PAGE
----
Teaching unions and the Scottish Government “remain some distance apart” from agreeing on the affordability of an improved pay offer, Scotland’s Education Secretary has said.
Primary schools around the country have closed after last-ditch talks failed to prevent strike action, with secondary school staff set to walk out on Wednesday.
Unions have demanded a 10% pay increase but the Scottish Government has offered 5%, including rises of up to 6.85% for the lowest-paid staff.
A meeting of the Scottish Negotiating Committee for Teachers (SNCT), which brings together unions, local authorities and the Scottish Government, took place on Monday in an attempt to avert the strike action.
Speaking on BBC Radio’s Good Morning Scotland program, Shirley-Anne Somerville said Monday’s talks were “constructive” but described the union pay demands as “simply unaffordable”.
After talks ended in failure, members of the Educational Institute of Scotland (EIS), NASUWT, Scottish Secondary Teachers’ Association (SSTA) and the Association of Headteachers and Deputes in Scotland (AHDS) are taking strike action.
It follows SSTA and NASUWT members taking two days of action in December while EIS members walked out on November 24.
Asked whether she expected a new offer to be on the table before the end of the week, Ms Somerville said: “We’ll continue discussions with the unions. I think the challenge that we have is we remain some distance apart on what the Scottish Government and local government can afford and can put on the table from the union demand which is of course a 10% increase in pay.
“If that had been accepted, if the 5% had been accepted, you would’ve actually seen teachers have a 21.8% cumulative rise since 2018.
“So we’re trying very hard to have a fair and affordable package on the table but we do remain unfortunately some distance apart.”
She added: “The pay demands we’re having from our trade union colleagues are simply unaffordable for the Scottish Government working on a fixed budget, already allocated, also eroded by inflation and that does make it a very difficult and challenging process to come to. a conclusion and resolution on.”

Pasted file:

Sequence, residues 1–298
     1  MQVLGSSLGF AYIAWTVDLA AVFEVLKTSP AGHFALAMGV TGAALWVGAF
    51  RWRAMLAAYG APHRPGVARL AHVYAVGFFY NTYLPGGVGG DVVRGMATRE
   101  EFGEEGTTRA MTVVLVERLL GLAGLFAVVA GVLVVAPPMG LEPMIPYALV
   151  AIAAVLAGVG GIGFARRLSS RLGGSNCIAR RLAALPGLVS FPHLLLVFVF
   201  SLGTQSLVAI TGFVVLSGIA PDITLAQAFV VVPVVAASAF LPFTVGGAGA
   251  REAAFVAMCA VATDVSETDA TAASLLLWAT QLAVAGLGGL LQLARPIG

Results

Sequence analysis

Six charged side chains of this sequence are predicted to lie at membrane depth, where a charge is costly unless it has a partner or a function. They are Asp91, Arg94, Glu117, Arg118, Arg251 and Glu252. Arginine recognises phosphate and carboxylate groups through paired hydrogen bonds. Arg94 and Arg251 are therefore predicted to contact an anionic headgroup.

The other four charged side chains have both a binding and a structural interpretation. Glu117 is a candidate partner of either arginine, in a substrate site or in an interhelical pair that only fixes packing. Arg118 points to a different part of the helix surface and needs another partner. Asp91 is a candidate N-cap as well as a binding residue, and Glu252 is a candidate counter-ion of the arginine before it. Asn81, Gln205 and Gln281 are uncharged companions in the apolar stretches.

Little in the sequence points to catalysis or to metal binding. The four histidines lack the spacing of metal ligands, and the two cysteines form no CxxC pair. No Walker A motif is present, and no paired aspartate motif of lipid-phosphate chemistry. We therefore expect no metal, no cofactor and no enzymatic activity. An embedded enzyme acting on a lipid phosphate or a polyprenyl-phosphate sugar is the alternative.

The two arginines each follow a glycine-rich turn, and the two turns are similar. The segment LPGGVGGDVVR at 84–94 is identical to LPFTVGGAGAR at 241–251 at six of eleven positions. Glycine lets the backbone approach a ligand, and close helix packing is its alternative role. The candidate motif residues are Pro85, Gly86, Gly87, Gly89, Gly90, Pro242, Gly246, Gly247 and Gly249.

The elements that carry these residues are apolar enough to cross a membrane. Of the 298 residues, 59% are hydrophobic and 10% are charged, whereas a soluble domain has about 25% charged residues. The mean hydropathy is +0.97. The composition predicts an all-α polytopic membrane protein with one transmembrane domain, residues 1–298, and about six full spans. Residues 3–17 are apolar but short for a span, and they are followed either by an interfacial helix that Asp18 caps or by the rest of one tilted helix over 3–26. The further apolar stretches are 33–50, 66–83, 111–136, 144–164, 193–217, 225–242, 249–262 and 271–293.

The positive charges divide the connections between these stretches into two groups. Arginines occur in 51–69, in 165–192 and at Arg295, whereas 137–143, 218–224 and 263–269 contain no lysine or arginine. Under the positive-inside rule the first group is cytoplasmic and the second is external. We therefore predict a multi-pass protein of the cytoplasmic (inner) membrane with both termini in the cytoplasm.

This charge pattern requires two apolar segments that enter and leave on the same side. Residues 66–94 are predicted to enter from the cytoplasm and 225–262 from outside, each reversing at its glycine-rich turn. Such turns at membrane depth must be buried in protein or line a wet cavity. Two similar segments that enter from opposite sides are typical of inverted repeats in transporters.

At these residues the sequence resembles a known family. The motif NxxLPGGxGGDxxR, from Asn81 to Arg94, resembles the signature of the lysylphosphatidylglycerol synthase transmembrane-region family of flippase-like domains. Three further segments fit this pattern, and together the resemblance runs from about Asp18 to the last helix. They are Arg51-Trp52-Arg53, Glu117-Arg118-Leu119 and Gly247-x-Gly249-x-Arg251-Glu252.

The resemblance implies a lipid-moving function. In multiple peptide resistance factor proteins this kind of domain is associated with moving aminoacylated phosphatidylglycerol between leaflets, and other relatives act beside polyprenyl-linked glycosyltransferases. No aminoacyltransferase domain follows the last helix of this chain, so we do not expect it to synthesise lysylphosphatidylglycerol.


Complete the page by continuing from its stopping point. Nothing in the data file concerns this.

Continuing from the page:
However, she said she is hoping to get back around the table with unions later this week.
Earlier in the program, Mike Corbett, NASUWT Scotland national official, echoed the concerns that unions and government were still far away from agreement on pay.
He said the last offer made in November was “dressed up as an improved offer” but did not improve pay for the “vast majority of teachers”.
He added: “There’s still no formal revised offer on the table and that is the reason why our members and others feel they’ve got no alternative but to be out on strike again today and tomorrow.”
Asked whether the union would be prepared to settle for somewhere between what they are being offered and 10%, he said: “I think what would need to happen first of all is there needs to be a properly improved offer tabled and – we are a member-led union – if we get what we deem to be a decent offer then it’s up to our members to decide what they think about it.
“But we’re just not at that stage at the moment – although there are some grounds for optimism, the fact that there have been talks on Friday and Monday and there’s been a little bit of progress made.”